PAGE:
The Man who Changed Japanese Baseball
2008 - University of Nebraska Press
Often called the Nisei Jackie Robinson, Wally Yonamine was the first ethnic Japanese to play professional football in the United States and the first American to play professional baseball in Japan after World War II. In both environments, the young Hawaiian had to adapt to unfamiliar cultures and overcome prejudice against his Japanese-American ancestry.
Wally Yonamine was born in 1925 on a Maui sugar plantation to poor Japanese immigrants. His success on the gridiron allowed him to escape the plantation and eventually sign with the San Francisco 49ers in 1947. After an injury ended his football career, Yonamine turned to baseball. In 1951, the Tokyo Yomiuri Giants chose him to become the first American to play in Japan during the Allied occupation. Yonamine adopted his football skills to baseball and played hard--stealing bases, sliding hard, and knocking down opponents. The Japanese were aghast at the aggressive American. Opposing fans hurled insults and rocks at him, but he quickly became one of the most dominant players in the league. His success changed the way the Japanese played the game, and opened the door for other Americans to come to Japan. Although it was often trying, Yonamine adapted to Japanese culture and stayed in Japan as a player, coach, and manager for 37 years. He was elected to the Japanese Hall of Fame in 1994. Yonamine’s friendly and down-to-earth personality made him a role model in both Hawaii and Japan. He was decorated for his contributions in American and Japanese foreign relations by the Emperor of Japan. Wally passed away on February 28, 2011. He was an inspiration to all who know him and we miss him greatly.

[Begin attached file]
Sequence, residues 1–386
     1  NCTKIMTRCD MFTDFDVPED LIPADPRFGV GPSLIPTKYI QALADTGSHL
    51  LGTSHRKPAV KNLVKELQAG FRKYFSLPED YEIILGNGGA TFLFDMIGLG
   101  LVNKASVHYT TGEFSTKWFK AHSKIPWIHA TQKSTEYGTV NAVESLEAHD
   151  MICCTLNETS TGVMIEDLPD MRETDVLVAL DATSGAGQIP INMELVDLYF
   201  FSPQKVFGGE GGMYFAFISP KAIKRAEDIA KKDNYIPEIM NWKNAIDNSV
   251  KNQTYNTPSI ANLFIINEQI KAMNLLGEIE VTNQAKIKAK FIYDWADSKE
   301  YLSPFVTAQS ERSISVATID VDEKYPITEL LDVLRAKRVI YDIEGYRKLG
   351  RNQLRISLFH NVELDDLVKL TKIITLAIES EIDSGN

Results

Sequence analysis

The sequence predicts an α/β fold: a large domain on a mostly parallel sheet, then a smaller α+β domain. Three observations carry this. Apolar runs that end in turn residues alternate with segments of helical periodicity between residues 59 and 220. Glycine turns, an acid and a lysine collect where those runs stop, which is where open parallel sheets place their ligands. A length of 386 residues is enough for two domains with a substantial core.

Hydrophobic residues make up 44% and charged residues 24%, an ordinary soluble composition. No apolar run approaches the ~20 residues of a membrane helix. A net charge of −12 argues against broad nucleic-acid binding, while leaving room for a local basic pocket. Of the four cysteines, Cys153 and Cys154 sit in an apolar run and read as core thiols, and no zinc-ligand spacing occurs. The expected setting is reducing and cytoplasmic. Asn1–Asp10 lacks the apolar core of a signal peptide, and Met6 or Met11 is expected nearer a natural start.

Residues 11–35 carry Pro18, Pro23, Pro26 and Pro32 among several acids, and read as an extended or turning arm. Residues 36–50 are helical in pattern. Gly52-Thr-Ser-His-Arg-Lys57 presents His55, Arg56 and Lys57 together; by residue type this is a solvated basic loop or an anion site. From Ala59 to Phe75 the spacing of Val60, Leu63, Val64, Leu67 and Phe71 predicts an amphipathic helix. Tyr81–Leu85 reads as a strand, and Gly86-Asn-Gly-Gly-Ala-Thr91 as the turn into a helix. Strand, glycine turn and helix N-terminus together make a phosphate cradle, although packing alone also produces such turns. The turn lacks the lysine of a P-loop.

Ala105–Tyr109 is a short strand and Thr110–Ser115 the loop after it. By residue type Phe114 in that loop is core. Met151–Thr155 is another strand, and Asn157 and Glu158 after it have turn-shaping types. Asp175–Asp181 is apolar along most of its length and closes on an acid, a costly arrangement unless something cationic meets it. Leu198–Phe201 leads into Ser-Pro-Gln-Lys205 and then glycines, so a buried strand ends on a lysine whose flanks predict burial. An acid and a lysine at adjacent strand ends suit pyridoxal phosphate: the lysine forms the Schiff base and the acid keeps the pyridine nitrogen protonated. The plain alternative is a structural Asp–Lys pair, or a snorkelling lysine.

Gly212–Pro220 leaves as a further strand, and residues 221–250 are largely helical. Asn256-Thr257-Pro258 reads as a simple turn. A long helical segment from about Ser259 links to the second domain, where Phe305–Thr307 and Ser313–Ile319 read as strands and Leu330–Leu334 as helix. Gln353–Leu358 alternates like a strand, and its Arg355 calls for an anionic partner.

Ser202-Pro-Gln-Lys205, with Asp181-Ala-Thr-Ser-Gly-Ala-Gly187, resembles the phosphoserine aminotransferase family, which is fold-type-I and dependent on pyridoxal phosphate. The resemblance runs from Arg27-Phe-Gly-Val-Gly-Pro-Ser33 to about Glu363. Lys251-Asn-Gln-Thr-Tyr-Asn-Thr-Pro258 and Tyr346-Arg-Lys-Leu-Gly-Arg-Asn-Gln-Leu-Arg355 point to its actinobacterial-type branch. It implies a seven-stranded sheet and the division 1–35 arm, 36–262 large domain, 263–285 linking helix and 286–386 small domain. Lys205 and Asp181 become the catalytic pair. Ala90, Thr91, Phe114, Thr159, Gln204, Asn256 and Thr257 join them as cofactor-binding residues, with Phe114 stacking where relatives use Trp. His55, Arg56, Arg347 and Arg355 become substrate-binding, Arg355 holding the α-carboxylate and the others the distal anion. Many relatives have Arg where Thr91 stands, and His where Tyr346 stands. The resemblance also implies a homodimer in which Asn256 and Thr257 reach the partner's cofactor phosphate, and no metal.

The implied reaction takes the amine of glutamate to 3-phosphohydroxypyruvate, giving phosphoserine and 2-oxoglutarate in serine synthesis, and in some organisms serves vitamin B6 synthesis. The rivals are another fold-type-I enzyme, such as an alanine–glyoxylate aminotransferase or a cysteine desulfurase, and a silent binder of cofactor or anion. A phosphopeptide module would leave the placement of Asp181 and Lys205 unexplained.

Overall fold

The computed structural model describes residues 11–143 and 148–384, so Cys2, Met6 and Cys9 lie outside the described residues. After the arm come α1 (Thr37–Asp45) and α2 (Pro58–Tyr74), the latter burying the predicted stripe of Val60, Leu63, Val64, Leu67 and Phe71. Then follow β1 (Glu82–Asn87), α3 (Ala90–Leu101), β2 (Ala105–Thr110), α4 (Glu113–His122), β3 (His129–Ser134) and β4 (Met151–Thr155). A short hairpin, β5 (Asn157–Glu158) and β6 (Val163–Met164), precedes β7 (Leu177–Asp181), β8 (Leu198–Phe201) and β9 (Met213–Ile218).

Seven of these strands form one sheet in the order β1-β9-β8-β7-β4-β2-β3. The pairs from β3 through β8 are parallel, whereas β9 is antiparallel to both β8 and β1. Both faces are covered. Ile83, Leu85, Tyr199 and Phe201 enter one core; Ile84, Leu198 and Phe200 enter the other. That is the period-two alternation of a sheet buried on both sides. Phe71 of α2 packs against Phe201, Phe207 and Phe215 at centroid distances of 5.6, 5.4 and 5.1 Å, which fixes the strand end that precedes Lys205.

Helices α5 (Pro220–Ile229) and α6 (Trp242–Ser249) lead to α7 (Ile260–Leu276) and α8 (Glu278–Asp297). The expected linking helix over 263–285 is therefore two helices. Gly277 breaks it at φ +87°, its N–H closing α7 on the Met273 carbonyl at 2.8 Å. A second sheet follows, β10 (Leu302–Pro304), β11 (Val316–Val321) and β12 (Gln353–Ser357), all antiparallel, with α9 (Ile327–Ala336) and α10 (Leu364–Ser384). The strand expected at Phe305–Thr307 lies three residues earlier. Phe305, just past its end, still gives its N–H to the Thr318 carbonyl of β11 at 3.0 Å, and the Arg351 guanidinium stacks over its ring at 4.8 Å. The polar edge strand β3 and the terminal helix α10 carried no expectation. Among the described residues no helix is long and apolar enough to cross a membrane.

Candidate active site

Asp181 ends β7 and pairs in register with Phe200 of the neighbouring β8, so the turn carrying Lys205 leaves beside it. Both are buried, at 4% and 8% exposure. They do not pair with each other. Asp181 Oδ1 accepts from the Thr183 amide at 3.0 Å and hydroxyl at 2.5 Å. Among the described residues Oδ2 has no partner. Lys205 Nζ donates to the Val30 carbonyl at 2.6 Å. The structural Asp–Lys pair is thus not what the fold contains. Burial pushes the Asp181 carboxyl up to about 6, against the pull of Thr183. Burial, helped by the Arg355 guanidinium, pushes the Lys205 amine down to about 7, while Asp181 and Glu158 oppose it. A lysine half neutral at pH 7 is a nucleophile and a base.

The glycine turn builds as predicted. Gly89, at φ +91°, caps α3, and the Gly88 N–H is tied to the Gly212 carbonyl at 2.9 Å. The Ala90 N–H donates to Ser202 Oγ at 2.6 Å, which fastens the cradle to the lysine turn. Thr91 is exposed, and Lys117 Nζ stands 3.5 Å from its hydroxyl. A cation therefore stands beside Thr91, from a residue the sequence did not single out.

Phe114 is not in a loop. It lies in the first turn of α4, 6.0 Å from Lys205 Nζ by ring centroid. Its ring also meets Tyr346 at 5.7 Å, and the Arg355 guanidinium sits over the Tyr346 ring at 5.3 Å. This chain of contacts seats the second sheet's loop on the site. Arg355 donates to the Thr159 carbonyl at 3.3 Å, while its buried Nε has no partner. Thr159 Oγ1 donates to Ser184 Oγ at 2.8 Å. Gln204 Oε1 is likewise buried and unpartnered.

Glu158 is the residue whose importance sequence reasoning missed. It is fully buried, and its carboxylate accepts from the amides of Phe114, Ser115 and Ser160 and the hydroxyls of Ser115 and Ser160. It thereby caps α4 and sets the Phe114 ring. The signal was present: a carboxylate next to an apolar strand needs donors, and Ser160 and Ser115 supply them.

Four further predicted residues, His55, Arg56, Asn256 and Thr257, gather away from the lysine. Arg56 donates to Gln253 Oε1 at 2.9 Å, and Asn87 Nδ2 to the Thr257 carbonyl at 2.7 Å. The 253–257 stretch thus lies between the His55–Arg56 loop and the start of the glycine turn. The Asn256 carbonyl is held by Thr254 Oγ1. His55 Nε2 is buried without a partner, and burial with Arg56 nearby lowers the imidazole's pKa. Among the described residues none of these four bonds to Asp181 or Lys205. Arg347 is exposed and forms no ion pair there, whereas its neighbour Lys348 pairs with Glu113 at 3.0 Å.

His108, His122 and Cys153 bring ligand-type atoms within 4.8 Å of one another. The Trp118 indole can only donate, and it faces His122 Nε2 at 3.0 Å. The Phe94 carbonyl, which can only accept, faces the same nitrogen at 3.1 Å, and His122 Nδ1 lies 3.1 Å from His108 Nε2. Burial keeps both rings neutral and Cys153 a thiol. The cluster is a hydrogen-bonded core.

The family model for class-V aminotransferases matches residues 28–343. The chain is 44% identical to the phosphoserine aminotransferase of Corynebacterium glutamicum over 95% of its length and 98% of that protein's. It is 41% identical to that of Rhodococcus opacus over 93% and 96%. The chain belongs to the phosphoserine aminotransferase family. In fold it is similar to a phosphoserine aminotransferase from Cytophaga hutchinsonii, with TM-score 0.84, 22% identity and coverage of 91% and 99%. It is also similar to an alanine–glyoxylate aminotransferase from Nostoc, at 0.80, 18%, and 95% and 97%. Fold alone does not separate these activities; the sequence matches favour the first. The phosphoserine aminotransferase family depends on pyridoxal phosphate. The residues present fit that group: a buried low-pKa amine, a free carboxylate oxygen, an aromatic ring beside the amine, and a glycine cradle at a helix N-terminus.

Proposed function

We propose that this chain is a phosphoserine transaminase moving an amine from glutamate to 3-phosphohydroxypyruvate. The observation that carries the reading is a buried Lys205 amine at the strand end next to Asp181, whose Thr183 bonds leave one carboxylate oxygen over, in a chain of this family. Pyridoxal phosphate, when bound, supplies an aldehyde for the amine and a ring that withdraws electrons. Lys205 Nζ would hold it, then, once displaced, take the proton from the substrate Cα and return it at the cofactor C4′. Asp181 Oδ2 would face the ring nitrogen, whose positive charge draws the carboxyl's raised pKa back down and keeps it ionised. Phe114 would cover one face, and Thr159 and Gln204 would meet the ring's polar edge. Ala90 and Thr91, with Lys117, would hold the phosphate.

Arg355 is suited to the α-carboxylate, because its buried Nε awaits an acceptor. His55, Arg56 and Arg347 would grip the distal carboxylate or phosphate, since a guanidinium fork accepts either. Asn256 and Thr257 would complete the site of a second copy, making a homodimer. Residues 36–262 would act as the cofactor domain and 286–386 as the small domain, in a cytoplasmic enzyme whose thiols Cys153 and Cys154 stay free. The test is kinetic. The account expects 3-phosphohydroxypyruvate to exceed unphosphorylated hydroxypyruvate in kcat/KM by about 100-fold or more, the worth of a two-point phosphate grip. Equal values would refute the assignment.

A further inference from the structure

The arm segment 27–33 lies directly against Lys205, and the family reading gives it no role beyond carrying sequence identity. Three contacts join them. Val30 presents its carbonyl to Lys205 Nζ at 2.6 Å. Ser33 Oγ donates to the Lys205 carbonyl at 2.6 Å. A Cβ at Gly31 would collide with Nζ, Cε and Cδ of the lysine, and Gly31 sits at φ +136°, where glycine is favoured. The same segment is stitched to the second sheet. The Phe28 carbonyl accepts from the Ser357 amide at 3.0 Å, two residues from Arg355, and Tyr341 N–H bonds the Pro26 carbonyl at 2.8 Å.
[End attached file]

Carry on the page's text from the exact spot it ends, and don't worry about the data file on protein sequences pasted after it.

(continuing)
Extensively researched, well-written, and endlessly informative and fascinating, this book makes an excellent addition to anyone’s baseball library and is absolutely required reading for anyone interested in Japanese-American baseball relations."
Michael Street, Pacific Perspectives
"Fitts creates a book in which the life of Wally Yonamine almost jumps off the page. Expertly researched and crafted book. This is a must-read and a must-add to the bookshelf for those with an interest in the history of Japanese baseball, and a worthwhile read for any baseball fan looking to broaden their knowledge of this great game that has spread around the globe."
"The way that Fitts brings history alive in this book is gripping ... [It] makes you feel as though you were there in the stands."
"Wally Yonamine is one of the most important figures in the long, rich history of baseball in Japan. His life story, from the rustic schoolyards of prewar Maui to modern-day state-of-the-art Tokyo stadiums, is filled with drama and color. Author Rob Fitts has done us all this favor with his richly detailed, thoroughly researched, and heartfelt work."
Robert Whiting, author of You Gotta Have Wa and The Samurai Way of Baseball
"For over fifty years, Wally Yonamine has been an important bridge between Japanese and American baseball. He brought a new, exciting style of play to Japan and taught us the finer points of the game. I am glad that Americans can finally learn about Wally''s contributions through this outstanding biography."
Hideki Matsui, former New York Yankee
"This book is much more than a smart biography of Wally Yonamine, the first American to play professional baseball in Japan; it is also a fascinating account of the game and culture of the Japanese national pastime."
George Gmelch, author of Baseball without Borders: The International Pastime
"2005 Sporting News-SABR award winner Fitts deserves high marks for bringing forth this title sure to grasp pro football and baseball enthusiasts alike."
Southern New England Chapter Society for American Baseball Research